Cervical abnormalities: CIN3 and CGIN

The colposcopy examination

Colposcopy is a simple examination that allows the doctor to see the type and area of the abnormality on the cervix. It also lets the doctor decide if treatment is needed. It is a diagnostic procedure used to help find abnormal areas of the cervix (CIN) as early as possible. It involves using a magnifying device, called a colposcope, to look at an illuminated, magnified view of the cervix, the tissue of the vagina, and vulva. Colposcopy is not a treatment, but treatment can take place at the colposcopy appointment.

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Most of the women we spoke with had never heard of CIN or of ‘colposcopy’. Some were sent information about the examination with their cervical screening results, while others had looked for more information on the internet. Anna, who was travelling abroad when she found out she’d been referred for colposcopy, had found very little information in English, making this an extremely worrying time.

Women we interviewed received an appointment shortly after getting their results letter and felt pleased and relieved that they wouldn’t have to wait long to find out what was wrong. Those who did have to wait, though, were often anxious and some worried that the abnormalities could be progressing. A few women, who were particularly concerned about waiting for their appointment, decided to have private care so they could be seen quicker.

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Some of the women we talked to hadn't known what to expect when they went to the colposcopy clinic and felt very anxious. Several went alone, while others found it helpful going with their partner, mum or a friend. With hindsight, a few recommended going with someone who could help them to remember what the doctors told them. Many said they worried more than necessary because the procedure turned out to be quick and painless.

Some of the women we interviewed recalled what happened when they arrived at the clinic. After giving information about their medical history, they were told about the colposcopy examination and what would be involved.

Most of those interviewed described the procedure as similar to a cervical screening test (smear) and said it was painless. Several said that, although they felt embarrassed or undignified because they had to undress and have their legs up in stirrups, they knew the procedure had to be done and they were glad it was quick. One woman said she took a paracetamol before her colposcopy appointment and felt no pain at all. Many said that the nurses or doctors were very reassuring. They talked to them throughout the procedure and did their best to make them feel comfortable. Solutions of iodine and acetic acid are applied to the cervix, which are used to highlight the abnormal cells on the cervix. Women said this part of the procedure was not painful.

A punch biopsy is a small biopsy that is taken at the time of a colposcopy examination. The biopsy shows the type of abnormality present. Some women do not feel anything when a punch biopsy is taken, while others experience a little discomfort during and / or after the biopsy.

Some of the women we interviewed felt that the colposcopy appointment was rushed, that they were given very little information, and had no time to ask questions. Sam, who was 21 at the time, had several colposcopy appointments over one and a half years and said she would have liked more information about why these were needed.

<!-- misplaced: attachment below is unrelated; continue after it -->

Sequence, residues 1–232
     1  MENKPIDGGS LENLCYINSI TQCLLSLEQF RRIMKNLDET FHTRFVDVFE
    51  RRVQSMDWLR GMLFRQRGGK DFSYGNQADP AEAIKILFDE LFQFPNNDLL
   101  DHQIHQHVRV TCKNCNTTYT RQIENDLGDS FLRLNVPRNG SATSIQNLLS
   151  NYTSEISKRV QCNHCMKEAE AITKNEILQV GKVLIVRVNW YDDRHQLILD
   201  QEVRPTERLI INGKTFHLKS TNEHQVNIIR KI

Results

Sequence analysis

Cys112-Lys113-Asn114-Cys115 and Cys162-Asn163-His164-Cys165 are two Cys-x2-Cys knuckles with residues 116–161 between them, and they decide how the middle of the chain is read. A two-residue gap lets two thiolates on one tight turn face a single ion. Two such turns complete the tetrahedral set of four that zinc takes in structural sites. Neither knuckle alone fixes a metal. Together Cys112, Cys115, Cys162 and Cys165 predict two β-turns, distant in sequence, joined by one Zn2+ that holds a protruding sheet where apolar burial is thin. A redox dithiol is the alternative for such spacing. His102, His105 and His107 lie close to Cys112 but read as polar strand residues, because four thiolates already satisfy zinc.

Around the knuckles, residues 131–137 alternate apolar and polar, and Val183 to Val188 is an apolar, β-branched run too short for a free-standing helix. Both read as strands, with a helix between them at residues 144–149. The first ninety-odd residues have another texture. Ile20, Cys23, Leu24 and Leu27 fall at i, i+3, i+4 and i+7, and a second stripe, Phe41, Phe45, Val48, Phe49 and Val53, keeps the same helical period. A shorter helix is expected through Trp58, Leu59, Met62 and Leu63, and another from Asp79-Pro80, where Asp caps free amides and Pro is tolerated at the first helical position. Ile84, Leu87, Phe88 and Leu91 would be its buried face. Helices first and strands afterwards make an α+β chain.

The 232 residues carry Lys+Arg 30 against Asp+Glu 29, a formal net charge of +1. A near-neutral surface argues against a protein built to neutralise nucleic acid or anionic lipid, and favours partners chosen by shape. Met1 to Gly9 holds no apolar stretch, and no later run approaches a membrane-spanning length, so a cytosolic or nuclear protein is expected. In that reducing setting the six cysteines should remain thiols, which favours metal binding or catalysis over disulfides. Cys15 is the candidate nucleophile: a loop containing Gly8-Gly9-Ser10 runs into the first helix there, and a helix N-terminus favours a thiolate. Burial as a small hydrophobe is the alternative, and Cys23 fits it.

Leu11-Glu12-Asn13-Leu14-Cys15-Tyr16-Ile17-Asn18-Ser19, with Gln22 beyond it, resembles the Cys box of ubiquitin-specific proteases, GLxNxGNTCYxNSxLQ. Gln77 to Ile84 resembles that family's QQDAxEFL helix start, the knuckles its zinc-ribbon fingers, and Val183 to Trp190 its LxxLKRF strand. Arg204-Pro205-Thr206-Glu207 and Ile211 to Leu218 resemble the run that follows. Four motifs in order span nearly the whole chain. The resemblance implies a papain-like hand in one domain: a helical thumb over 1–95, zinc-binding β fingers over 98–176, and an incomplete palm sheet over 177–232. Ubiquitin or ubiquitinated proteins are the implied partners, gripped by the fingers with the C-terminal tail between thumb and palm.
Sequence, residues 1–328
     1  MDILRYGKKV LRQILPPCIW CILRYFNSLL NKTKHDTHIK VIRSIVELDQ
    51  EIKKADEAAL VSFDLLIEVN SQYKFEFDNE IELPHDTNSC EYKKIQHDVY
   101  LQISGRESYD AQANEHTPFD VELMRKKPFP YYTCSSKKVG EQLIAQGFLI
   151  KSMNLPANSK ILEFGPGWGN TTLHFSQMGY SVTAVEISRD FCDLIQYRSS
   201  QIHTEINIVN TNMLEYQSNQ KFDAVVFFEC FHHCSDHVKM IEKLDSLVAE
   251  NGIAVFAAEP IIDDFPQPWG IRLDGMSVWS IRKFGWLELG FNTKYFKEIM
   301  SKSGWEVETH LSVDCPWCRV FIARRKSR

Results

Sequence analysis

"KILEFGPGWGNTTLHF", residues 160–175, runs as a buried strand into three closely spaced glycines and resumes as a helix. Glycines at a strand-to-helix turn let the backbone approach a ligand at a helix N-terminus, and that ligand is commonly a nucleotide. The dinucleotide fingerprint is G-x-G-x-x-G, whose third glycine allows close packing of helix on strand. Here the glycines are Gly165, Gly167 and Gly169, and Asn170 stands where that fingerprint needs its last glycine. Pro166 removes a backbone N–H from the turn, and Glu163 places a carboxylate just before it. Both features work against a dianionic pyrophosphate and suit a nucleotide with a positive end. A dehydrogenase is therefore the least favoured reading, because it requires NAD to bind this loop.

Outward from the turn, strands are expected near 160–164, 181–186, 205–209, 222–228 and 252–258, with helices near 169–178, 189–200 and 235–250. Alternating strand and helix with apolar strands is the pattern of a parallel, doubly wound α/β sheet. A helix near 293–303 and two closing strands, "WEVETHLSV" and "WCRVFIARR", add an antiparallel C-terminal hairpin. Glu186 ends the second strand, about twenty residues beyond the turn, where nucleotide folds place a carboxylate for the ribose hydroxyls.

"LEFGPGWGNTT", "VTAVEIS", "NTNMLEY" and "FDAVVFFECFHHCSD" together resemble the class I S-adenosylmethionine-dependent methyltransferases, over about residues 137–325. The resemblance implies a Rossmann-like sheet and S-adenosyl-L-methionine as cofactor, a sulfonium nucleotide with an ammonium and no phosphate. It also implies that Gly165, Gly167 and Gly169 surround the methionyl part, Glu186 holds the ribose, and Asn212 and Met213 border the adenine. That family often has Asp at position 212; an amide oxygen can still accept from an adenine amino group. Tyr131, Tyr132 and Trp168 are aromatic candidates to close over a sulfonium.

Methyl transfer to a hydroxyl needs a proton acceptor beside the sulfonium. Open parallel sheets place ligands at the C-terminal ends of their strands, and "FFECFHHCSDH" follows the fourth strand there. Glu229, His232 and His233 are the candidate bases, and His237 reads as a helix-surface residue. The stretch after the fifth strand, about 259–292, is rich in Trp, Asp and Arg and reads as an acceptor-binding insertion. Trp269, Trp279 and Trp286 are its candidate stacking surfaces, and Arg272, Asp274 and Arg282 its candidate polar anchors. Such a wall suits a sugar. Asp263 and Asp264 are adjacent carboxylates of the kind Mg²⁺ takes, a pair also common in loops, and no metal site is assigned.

Some of the women we talked to were treated for CIN3 at the same appointment as their colposcopy, while others were given an appointment for treatment at a later date (see ‘LLETZ). One woman was told she had CIN3 and a small amount of cervical cancer, and was treated there and then by LLETZ.

Two women said that doctors suspected that, as well as CIN3, they could have cervical cancer but they would only know after getting the colposcopy results. Melanie was told she had CIN3 but, a few weeks later when doctors got her colposcopy results, they found out that she had cervical cancer.

After a colposcopy examination some women experience a heavier and sometimes more painful period than usual, or find that their periods begin earlier or later than expected. Usually these symptoms settle down quickly without medical attention.

More experiences of the colposcopy examination can be found on our - Cervical Screening site.

If you have had treatment for cervical abnormalities/CIN (such as a colposcopy, LLETZ or cone biopsy), you will be asked to go back after six months for more screening. The NHS Cervical Screening Programme has introduced a ‘HPV test of cure’ programme which means that the sample taken at this screening will be tested for abnormal cell changes (CIN) and it will also be tested for the HPV virus. If the screening result shows either the HPV virus or abnormal cell changesthe woman will be again referred to colposcopy for further investigation;

"If high risk HPV is not found and the screening test comes back negative, then the woman has been successfully treated by removing the abnormal cells and will return to her regular screening schedule.” (Jo’s Cervical Cancer Trust – HPV testing March 2017)

‘HPV test of cure’ is available in England, Wales Northern Ireland and Scotland.

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Last reviewed July 2017.

Last updated July 2017.


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